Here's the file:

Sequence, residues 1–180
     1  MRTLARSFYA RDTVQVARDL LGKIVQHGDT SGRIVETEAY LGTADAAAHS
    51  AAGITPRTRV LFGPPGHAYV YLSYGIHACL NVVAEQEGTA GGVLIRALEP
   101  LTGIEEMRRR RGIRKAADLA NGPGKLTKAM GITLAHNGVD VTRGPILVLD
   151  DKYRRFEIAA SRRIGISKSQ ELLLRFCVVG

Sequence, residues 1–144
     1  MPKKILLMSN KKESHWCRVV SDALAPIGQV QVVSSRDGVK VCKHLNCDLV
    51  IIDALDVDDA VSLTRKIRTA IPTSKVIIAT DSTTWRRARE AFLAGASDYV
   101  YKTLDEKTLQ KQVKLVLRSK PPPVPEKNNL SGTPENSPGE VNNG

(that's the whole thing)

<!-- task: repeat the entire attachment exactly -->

Sequence, residues 1–180
     1  MRTLARSFYA RDTVQVARDL LGKIVQHGDT SGRIVETEAY LGTADAAAHS
    51  AAGITPRTRV LFGPPGHAYV YLSYGIHACL NVVAEQEGTA GGVLIRALEP
   101  LTGIEEMRRR RGIRKAADLA NGPGKLTKAM GITLAHNGVD VTRGPILVLD
   151  DKYRRFEIAA SRRIGISKSQ ELLLRFCVVG

Sequence, residues 1–144
     1  MPKKILLMSN KKESHWCRVV SDALAPIGQV QVVSSRDGVK VCKHLNCDLV
    51  IIDALDVDDA VSLTRKIRTA IPTSKVIIAT DSTTWRRARE AFLAGASDYV
   101  YKTLDEKTLQ KQVKLVLRSK PPPVPEKNNL SGTPENSPGE VNNG